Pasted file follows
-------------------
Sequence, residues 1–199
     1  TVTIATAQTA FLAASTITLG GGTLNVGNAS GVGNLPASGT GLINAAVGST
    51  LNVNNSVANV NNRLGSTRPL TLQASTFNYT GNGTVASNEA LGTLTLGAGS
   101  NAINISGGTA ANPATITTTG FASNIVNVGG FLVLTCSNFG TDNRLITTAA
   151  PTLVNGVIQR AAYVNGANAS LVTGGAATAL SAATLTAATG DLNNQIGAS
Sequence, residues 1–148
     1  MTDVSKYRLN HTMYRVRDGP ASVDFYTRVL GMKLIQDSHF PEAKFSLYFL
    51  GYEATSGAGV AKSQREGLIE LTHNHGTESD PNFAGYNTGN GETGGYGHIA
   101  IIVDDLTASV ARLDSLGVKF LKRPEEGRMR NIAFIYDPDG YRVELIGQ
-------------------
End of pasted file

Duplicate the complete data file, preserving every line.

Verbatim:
Sequence, residues 1–199
     1  TVTIATAQTA FLAASTITLG GGTLNVGNAS GVGNLPASGT GLINAAVGST
    51  LNVNNSVANV NNRLGSTRPL TLQASTFNYT GNGTVASNEA LGTLTLGAGS
   101  NAINISGGTA ANPATITTTG FASNIVNVGG FLVLTCSNFG TDNRLITTAA
   151  PTLVNGVIQR AAYVNGANAS LVTGGAATAL SAATLTAATG DLNNQIGAS
Sequence, residues 1–148
     1  MTDVSKYRLN HTMYRVRDGP ASVDFYTRVL GMKLIQDSHF PEAKFSLYFL
    51  GYEATSGAGV AKSQREGLIE LTHNHGTESD PNFAGYNTGN GETGGYGHIA
   101  IIVDDLTASV ARLDSLGVKF LKRPEEGRMR NIAFIYDPDG YRVELIGQ